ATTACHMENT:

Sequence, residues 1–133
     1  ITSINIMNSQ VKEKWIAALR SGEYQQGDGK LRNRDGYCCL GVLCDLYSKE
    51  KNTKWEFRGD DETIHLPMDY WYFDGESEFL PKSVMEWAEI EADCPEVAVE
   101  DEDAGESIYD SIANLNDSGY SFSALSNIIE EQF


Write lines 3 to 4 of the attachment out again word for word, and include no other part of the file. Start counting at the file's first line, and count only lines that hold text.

    51  KNTKWEFRGD DETIHLPMDY WYFDGESEFL PKSVMEWAEI EADCPEVAVE
   101  DEDAGESIYD SIANLNDSGY SFSALSNIIE EQF